Presentation on theme: "March 24 2008 Finish Bacteria Molicutes. Virulence Factors Bacterial Colonization 1. adhere to host cells and resist physical removal 2. contact host."— Presentation transcript:
March Finish Bacteria Molicutes
Virulence Factors Bacterial Colonization 1. adhere to host cells and resist physical removal 2. contact host cells 3. invade host cells 4. resist innate immune defenses such as phagocytosis 5. evade adaptive immune defenses 6. compete for iron and other nutrients
Fastidious Bacteria The term fastidious refers to the difficulty of obtaining pure cultures of bacterium, due to special medium requirements, slow growth, etc. "Fastidious" = fussy, meticulous. Characteristics: 1. Bacilli 2. No flagellae (non-motile) 3. Most are Gm -, except for Clavibacter (Gm +) - causal agent for ratoon stunt disease (RSD) of sugarcane, bermudagrass stunt. 4. Sensitivity to high temperatures - hot air and water treatments can kill them. Ex: RSD in sugarcane. Good control is hot water treatment of seed cane.
FASTIDIOUS BACTERIA Two Basic Groups: 1.Phloem limited - Can't be grown in pure culture. Ex: citrus greening
FASTIDIOUS BACTERIA Two Basic Groups: 1.Phloem limited - Can't be grown in pure culture. Ex: citrus greening 2. Xylem limited - can be grown in pure culture. Ex: 1) Pierce's disease of grape - Xylella fastidiosa 2) Ratoon Stunting Disease (RSD) of sugarcane (Leifsonia xyli (formerly Clavibacter xyli subsp. xyli))
Symptoms of RSD Reddening of tissue General decline of ratooning (stubble crop)
Sugarcane and RSD In August 2006, 10% of crop is harvested for planting Nitrogen application in Spring 07 Harvest in the Fall 2007
Phytoplasmas Initially found to cause a group of diseases called "yellows" diseases. These diseases initially were thought to be caused by viruses because no fungi or bacteria were detected. Essentially they are small, wall-less bacteria.
Characteristics of Phytoplasmas 1.No cell wall, so they tend to be pleomorphic. They resemble mycoplasmas, which are known animal pathogens. The name "mycoplasma" means "fungus form". 2. Specialized three-layered cell membrane instead of a wall. 3. Extremely small - can be as small as 125 nm in diameter. 4. Can not be grown in pure culture (i.e., no completion of Koch's postulates). 5. Fragile, very sensitive to osmotic changes.
Characteristics of Phytoplasmas 6. Gram - 7. Inhibited by antibiotics (i.e., tetracycline) that do not act by disrupting cell wall production (i.e., penicillin). 8. Transmitted by insects - leafhoppers (most important), plant hoppers. Piercing-sucking mouthparts! Phytoplasmas actually multiply within the salivary glands of insect vectors. Phytoplasmas are known to cause = 200 plant diseases. Ex: aster yellows, bunchy top of papaya, pear decline, lethal yellowing of palm.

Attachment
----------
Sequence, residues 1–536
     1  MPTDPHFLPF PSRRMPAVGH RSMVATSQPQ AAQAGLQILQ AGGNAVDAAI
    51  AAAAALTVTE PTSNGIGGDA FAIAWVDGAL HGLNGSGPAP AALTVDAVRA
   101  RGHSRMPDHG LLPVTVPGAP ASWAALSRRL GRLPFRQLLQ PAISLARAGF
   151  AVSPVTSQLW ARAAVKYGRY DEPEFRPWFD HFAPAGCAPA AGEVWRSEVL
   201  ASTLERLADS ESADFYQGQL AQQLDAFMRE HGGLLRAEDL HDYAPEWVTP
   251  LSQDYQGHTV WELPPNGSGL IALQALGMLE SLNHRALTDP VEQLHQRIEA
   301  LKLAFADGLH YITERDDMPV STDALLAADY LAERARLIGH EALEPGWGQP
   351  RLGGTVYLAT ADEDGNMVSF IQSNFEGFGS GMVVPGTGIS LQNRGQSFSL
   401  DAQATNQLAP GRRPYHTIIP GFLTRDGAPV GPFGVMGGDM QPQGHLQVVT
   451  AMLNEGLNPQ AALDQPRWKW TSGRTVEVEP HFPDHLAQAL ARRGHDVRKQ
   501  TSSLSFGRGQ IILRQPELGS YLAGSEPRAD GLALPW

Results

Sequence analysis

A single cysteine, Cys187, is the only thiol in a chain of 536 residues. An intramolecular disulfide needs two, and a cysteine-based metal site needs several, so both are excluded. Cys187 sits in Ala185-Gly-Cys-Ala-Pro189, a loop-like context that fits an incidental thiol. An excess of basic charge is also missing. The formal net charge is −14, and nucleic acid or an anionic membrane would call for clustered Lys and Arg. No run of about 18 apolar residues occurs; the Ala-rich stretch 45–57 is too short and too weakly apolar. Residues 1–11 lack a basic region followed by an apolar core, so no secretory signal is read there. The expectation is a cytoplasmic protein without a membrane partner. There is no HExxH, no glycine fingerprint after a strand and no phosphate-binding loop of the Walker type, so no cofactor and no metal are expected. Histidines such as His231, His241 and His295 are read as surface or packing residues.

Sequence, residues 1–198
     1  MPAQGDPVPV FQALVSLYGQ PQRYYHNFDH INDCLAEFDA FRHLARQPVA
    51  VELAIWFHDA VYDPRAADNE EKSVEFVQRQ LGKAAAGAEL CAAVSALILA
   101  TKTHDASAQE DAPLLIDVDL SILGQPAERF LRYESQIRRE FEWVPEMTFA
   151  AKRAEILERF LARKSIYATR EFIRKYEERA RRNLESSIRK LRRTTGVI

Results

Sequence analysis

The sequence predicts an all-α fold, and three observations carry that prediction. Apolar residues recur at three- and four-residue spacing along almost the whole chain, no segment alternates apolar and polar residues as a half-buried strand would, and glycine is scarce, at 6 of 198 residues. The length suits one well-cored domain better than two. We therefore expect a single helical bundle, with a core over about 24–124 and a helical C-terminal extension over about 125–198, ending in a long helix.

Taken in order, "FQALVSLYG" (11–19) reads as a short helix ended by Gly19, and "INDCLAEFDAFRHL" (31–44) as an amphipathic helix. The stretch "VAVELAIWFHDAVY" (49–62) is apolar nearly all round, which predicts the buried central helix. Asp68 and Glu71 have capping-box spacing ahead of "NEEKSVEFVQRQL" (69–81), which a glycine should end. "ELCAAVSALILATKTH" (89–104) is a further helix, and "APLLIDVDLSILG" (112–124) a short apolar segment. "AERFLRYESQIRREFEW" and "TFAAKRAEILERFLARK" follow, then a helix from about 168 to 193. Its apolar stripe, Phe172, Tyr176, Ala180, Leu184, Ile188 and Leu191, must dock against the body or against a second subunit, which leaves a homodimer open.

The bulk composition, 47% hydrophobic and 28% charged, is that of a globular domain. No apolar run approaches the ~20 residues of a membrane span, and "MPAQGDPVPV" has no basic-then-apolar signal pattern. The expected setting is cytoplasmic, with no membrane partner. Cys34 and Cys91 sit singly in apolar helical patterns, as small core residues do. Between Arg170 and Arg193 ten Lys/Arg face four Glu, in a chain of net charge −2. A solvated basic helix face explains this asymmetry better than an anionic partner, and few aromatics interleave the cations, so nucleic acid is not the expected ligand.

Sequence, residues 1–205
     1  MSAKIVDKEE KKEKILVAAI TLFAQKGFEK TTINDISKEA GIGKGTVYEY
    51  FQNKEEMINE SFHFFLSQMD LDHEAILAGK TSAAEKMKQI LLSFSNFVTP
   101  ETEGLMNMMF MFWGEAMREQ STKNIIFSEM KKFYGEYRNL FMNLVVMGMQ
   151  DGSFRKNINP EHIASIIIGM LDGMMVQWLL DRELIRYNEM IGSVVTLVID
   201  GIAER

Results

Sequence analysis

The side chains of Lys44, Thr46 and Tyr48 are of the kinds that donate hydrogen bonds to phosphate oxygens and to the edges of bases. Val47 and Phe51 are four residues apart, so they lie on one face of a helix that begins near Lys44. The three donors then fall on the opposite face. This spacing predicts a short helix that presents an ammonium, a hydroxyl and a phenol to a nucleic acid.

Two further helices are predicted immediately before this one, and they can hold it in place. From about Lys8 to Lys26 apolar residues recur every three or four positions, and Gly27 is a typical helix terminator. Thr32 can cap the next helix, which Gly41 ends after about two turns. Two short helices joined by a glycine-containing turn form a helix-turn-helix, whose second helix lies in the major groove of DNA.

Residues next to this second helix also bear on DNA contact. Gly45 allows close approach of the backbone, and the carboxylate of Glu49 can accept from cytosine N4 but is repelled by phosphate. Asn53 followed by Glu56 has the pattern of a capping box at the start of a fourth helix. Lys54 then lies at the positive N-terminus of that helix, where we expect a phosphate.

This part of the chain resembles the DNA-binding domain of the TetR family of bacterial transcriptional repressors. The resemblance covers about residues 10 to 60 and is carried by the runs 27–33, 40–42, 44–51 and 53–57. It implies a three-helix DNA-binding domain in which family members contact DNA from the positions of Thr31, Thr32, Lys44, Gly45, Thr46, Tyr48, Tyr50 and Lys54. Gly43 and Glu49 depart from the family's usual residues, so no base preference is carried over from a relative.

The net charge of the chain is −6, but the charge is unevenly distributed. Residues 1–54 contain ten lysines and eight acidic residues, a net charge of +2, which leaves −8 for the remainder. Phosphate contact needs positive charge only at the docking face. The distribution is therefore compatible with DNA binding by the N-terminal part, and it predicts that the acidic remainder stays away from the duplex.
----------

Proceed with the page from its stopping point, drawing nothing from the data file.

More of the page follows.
Website - Phytoplasma Casts A Magic Spell The interactions between a phytoplasma and poinsettia result in dwarfing and moderate branching growth habit, which happens to be a trait that poinsettia growers desire. Technically, free-branching is a disease symptom in poinsettias. But, like the virus associated with classical color-breaking of tulip petals, the poinsettia phytoplasma is beneficial to growers, generating multi-flowered Christmas showpieces and $325 million annually.
Free-branching induced by phytoplasma Restricted-branching morphotype
Restricted-branching morphotype on left
Spiroplasmas Similar in many regards to phytoplasmas, except that they can be cultured. Characteristics of Spiroplasmas : 1. Small, helical organisms. They resemble a corkscrew. 2. The are motile. Can somehow use their corkscrew shape to propel themselves.
Spiroplasmas Similar in many regards to phytoplasmas, except that they can be cultured. Characteristics of spiroplasmas: 1. Small, helical organisms. They resemble a corkscrew. 2. The are motile. Can somehow use their corkscrew shape to propel themselves. 3. No cell wall. 4. Specialized three-layered membrane. 5. Exhibit sensitivity to antibiotics that is similar to that for phytoplasmas. Common spiroplasma-induced diseases: Ex: brittle root of horseradish, corn stunt
Corn Stunt Symptoms are typical of phloem dysfunction: Red leaves, green fruit, leaf dieback, bushy plants, stunting. Disease Cycle The spiroplasma overwinters within the adult leafhopper; when the leafhoppers emerge from overwintering in early spring, they can be infective. Disease symptoms appear about 3 weeks after the corn is infected.